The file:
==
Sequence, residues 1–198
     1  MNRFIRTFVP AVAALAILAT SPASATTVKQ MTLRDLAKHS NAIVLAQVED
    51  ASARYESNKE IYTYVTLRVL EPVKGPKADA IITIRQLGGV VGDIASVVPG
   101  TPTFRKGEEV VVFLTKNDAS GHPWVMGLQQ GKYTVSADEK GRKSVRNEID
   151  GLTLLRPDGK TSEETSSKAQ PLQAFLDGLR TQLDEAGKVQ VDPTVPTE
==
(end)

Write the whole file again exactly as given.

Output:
Sequence, residues 1–198
     1  MNRFIRTFVP AVAALAILAT SPASATTVKQ MTLRDLAKHS NAIVLAQVED
    51  ASARYESNKE IYTYVTLRVL EPVKGPKADA IITIRQLGGV VGDIASVVPG
   101  TPTFRKGEEV VVFLTKNDAS GHPWVMGLQQ GKYTVSADEK GRKSVRNEID
   151  GLTLLRPDGK TSEETSSKAQ PLQAFLDGLR TQLDEAGKVQ VDPTVPTE